He discussed the ravages of that faces those abused by priests. “I would say that virtually every one of our members has struggled with some type of addiction—with depression, with—what’s the word I’m looking for?—intimacy problems, self-destructive patterns. In other words we’ve had many members who tried to kill themselves. We have many members who are in prison. In many respects what makes the crime so devastating is that these predators are often not overtly violent, hateful men. It’s a subtle, usually long-term manipulation in which the child does often feel guilty and responsible and to blame. Often the priest will give a child alcohol or drugs or let a child smoke or entice a child through ways that again make the child feel complicit.”

I asked if in his opinion there is such a thing as repressed memory, something which my friend, the famed doctor of social psychology maintains is fictional.

He responded, “Yes. It happened to me…Here’s what happened, long story short. I came from a wonderful, devout Catholic family, six kids. My Dad traveled a lot. I was sort of a light, curious child. This parish priest took an interest in me and took me on out-of-town trips, skiing, canoeing, camping. The first time I ever saw the ocean, first time I ever saw the mountains. What would happen is that the two of us would be alone and I would be asleep or sometimes falling asleep—and I would wake up and he would be on top of me or he would have his hands in my pants. I would freeze.”

How old were you?
“Starting when I was about 11 or 12. Went on till I was about 16. He never said anything. I never said anything. But…the way I coped with it , not voluntarily but involuntarily, was that the next morning when I woke up I had no recollection of it at all. Frankly, that’s why I kept going on trips with him.”

Why didn’t you say. hey, cut it out?
“Because I was terrified. I was confused. I suppose in part because I was taught and trained to revere and respect priests. I didn’t know what to say…I didn’t know what to think much less what to say. I knew it felt creepy and awkward and uncomfortable. But literally—so fast forward—I’m in my early thirties…There is not anybody more amazed than me. I thought I was a pretty smart guy.”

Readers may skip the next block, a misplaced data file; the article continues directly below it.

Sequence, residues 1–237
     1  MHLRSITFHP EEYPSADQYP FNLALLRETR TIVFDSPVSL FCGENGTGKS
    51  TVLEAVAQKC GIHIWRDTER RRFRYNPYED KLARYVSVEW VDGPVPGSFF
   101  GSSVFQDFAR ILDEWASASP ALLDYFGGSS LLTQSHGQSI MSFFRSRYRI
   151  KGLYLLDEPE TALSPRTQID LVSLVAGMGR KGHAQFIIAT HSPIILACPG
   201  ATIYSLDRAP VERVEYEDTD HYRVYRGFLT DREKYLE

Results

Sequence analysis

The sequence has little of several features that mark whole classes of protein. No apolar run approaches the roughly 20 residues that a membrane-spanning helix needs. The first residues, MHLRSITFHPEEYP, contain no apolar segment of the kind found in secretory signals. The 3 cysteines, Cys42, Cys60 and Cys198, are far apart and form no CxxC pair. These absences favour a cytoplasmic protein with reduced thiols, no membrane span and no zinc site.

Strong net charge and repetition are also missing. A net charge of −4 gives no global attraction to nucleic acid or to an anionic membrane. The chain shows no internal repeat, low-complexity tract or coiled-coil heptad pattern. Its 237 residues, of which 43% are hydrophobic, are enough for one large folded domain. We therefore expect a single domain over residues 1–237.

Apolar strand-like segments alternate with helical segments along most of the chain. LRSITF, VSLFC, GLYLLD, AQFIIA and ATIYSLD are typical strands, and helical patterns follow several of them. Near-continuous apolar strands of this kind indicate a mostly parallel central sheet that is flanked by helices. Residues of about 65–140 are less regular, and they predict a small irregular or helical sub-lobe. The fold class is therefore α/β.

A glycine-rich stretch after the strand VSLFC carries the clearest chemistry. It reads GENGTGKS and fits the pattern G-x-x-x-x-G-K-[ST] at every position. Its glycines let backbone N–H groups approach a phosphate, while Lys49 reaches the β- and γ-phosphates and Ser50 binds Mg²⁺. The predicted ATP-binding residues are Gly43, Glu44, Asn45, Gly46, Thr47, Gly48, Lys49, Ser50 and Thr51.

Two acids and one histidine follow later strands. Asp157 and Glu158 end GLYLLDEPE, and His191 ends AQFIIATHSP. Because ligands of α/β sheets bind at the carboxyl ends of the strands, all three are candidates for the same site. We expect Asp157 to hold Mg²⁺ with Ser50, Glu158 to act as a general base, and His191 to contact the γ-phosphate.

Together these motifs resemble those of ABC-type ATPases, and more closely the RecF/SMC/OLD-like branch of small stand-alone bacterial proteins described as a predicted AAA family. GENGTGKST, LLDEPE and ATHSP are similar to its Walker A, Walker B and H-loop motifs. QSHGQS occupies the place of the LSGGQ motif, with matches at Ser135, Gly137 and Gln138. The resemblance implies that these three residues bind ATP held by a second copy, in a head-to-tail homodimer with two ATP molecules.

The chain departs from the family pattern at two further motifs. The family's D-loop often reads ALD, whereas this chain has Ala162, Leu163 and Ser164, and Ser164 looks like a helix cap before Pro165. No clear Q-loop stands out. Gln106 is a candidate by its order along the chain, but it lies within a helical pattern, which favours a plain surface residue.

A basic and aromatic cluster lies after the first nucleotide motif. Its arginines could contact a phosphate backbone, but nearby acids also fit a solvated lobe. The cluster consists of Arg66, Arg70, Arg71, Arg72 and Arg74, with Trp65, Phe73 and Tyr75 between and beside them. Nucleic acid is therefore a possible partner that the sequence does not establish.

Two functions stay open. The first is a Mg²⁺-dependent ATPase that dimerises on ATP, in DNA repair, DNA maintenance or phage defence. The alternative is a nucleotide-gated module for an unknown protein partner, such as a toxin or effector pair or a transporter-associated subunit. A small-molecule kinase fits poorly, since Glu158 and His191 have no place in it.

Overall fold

He confronted the priest when he was an adult. “I know of probably eight or nine other victims of this priest. He has been suspended and civilly sued. He admitted it to me basically. I had a face-to-face meeting with him after I had my memories…I could go on and on. He basically said `I’ve been in a lot of therapy.’ He never said, `I abused you.’ But he said, `I’ve been in a lot of therapy. I’ve had a lot of difficulties in my life. I had a very rough childhood myself. I’ve got things under control now. I’m still in therapy. I’m taking this real seriously. [He said something like] `I’m never going to do anything inappropriate again. You can trust me.’ That kind of thing.”

Clohessy filed a civil lawsuit in 1991 against the diocese of Jefferson City, Missouri. It went before the Missouri Supreme Court but was thrown out in 1993 on the basis of expired statute of limitations. Leaving the Church as he did voluntarily was “the one of the toughest things about having been abused.”

Why? The answer probably will make sense to another abuse victim but is not entirely clear to me.

“Forgive me if my analogy seems simplistic but if you break your leg as a child and it doesn’t get set properly, you limp for the rest of your life but you know that. And when you have a stomach ailment you don’t think, `well, I wonder if that’s connected to the leg thing.’; When you’re abused it’s very hard to understand the links between what that person did to you and your own psychological behavior.”

About 40 percent of SNAP members are still Catholic or at least still consider themselves Catholic. “But even so,” he said, “even that 40 percent, a big chunk of them, had long periods of spiritual estrangement or isolation before they felt like they could try to come back to the Faith.”

He said the same thing as Blaine did: handling relationships is difficult for the victim. “I’ve been married for 16 years. I have two wonderful, wonderful kids.” He thought for a while and then talked about his earlier relationships with women.

“I would, for example, get close to a woman and then, when it was clear she was very close to me, I would just suddenly pull away. I was a very difficult employee for years and years. I had and still have a very tough time trusting male authority figures. I’ve certainly had problems with anger.”

Just before we parted, he said: “I think about my abuser every day…Nothing will ever restore my shattered trust. Nothing will ever erase the betrayal. Again, that doesn’t mean I have to obsess about it.”

As he walked away, I thought about some Catholics who instinctively defend a prelate or a bureaucrat like Jimmy Lago because they think the institution will suffer from bad public relations. But evasive, overly qualified answers from prelates who obscure the truth won’t do here any more.

And if they stonewall with bureaucrats guarding the door and publicity flacks spinning the media, the Church will be harmed greatly.

Which is what I’ve learned after talking to David Clohessy and Barbara Blaine.